I clung to my ability to fight back at you because I felt so violated by your conduct, and I didn’t want to give you the satisfaction of forfeiting. But I’m not much good in a test of mental stamina. You sat there and watched me have happen one of the things I fear the most in life: Melting down with a bunch of people looking at me. Even when I broke and insisted in broken sentences that I needed to go home right away, you just raised your voice over mine and imperiously “suggested” that I “stay and try a different way of doing things.” Thanks for that: five more people than before have now seen me lose my voice, clamp my hands over my ears and dash out of a room. You are very, very good at this.
Regarding your bicycle sophistry, I think another analogy was more relevant. I actually really like brussels sprouts, but hypothetically, let’s say I don’t. But I really want to eat them because they’re healthy and everyone else in my family loves them (again, speaking hypothetically, of course; I live with the picky IRL.) So a few times a week, I roast up a plate of brussels sprouts and force myself to eat them. At first they really make me gag, but after a long time I’m able to get larger quantities of them down and not feel completely miserable. However, I still do not enjoy them one bit; they are simply a means to an end.
What you were suggesting seems to be fixating on brussels sprouts and determining “something will work, I WILL ENJOY THESE FUCKING BRUSSELS SPROUTS!” and psychoanalyzing the early-childhood origins of my loathing of the humble sprout. Whereas what I wanted to do, which seemed much more reasonable, was to say, “Okay, doc, I don’t enjoy brussels sprouts but I can eat them when I need to, so now can we move to the fact THAT MY FUCKING LEG HAS GANGRENE AND TWO OF MY TOES HAVE FALLEN OFF?”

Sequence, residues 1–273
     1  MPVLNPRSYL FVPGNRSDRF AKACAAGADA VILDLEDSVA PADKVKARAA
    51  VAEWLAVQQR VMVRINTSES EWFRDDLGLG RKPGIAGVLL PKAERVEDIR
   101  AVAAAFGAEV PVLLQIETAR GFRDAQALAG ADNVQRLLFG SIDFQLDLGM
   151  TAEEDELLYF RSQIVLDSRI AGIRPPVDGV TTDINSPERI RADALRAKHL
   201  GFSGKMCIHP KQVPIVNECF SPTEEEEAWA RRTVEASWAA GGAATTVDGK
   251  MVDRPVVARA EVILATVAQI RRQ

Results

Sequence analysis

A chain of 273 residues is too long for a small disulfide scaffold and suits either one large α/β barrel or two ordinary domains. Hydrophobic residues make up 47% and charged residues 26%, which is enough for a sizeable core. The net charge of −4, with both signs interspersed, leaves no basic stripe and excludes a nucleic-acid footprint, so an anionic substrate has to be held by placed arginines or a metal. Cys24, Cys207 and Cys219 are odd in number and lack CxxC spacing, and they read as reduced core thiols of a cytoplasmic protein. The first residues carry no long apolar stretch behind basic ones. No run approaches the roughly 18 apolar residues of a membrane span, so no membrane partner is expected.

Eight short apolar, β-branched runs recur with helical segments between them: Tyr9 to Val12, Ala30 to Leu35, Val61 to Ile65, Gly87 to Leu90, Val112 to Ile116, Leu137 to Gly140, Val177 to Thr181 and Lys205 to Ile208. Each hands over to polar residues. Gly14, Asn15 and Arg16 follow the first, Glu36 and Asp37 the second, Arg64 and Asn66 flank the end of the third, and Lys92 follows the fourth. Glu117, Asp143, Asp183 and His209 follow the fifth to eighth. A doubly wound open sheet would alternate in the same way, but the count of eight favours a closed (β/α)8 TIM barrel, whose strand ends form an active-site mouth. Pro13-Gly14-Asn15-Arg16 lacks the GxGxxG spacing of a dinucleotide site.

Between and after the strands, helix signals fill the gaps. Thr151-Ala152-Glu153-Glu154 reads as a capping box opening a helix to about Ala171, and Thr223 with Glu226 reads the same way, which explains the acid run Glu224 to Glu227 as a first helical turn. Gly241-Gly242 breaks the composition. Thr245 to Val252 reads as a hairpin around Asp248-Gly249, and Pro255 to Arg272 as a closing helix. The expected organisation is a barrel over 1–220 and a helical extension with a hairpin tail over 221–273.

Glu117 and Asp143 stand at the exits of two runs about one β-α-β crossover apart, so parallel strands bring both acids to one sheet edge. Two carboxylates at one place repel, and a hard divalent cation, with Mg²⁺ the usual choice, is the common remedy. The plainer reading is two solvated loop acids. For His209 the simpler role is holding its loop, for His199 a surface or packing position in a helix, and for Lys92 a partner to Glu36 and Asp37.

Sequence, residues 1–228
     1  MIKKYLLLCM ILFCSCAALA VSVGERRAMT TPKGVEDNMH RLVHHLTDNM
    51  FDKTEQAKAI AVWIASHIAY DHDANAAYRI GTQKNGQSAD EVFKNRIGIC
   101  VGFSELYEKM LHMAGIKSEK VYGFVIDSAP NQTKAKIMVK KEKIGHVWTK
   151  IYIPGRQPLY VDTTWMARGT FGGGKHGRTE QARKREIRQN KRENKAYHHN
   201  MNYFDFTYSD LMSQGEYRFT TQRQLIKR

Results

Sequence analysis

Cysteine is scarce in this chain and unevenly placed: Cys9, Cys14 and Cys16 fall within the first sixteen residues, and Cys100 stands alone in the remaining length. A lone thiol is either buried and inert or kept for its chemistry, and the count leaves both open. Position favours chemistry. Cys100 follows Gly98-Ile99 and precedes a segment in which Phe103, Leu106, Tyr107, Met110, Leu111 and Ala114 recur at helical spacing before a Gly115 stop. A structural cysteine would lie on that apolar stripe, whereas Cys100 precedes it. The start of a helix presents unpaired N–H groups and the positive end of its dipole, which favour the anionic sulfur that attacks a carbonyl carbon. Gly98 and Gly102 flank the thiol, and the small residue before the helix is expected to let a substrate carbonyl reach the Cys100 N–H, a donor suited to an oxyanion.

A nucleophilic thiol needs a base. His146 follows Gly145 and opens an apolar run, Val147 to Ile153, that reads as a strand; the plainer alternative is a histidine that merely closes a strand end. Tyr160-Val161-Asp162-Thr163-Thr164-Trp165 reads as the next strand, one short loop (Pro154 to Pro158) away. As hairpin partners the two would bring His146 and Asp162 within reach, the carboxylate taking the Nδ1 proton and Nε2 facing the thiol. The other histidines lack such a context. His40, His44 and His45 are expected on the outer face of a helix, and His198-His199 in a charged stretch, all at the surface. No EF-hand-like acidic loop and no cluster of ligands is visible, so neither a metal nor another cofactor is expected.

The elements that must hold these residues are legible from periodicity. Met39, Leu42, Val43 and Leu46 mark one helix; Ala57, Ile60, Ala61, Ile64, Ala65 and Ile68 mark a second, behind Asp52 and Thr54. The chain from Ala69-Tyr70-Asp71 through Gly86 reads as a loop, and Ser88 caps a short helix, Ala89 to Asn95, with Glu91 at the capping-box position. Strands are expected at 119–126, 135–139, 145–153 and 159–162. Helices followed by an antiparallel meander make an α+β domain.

Why is it apparently required that I love every part of myself and everything I do? Does every quirk, every deviation, in a person really have to be hammered out in pursuit of some idea of a fully actualized, enlightened individual, whatever those words even mean? Seriously, I come in for a transmission overhaul and you’re pressuring me to do body work first?
Yes, I don’t make eye contact. Yes, I am not very animated but I am very fidgety. Yes, I stare blankly and it makes me look like I’m pissed off. No, I’m not pissed off (well, I wasn’t.) No, I do not usually stare at the floor, but there wasn’t anywhere else to look that wasn’t covered with a person. And guess what? On the piece of paper in your hands there’s a little word “ASD”– I assume as a PhD in psychology you are familiar with Autism Spectrum Disorders and the initialism. You could have shown some sensitivity to or at least acknowledgment of that, but that would have required thinking critically and taking the time to treat me like a human being.
Why is it so hard for you to accept that some things about me that annoy you, that you don’t think are normal or positive, are not in fact things I want to change? That while they may not define me, they are part of me as I know myself, and not a part I hate?
Why is it so important to you to verify your kneejerk assumption about what I am, to justify it with contempt of any understanding I have of myself? You had never met me once before Hell’s Therapy Session, and yet you casually didn’t deign to mention a diagnosis from a psychologist who saw me weekly for over a year, because that wasn’t what you had already decided was my Problem.
That’s honestly one of the worst things about having suffered trauma and being open about it. People start seeing it everywhere. You aren’t a person to them anymore, you’re just a walking tragedy. They want to feel sorry for you, but they easily become frustrated when you don’t meet their standards of “getting over it.” At the same time, every negative thing about you they want to ascribe to your trauma, as if it remade you from scratch. You no longer have quirks or foibles, only symptoms. You can’t be who you are, you can only be ill.
So congratulations on joining those ranks, on being so preoccupied with your perception of another person’s trauma that you didn’t want to know anything else. And thank you for reacting the way you did, when you did. It saved me a lot of trouble by confirming exactly the kind of person you are.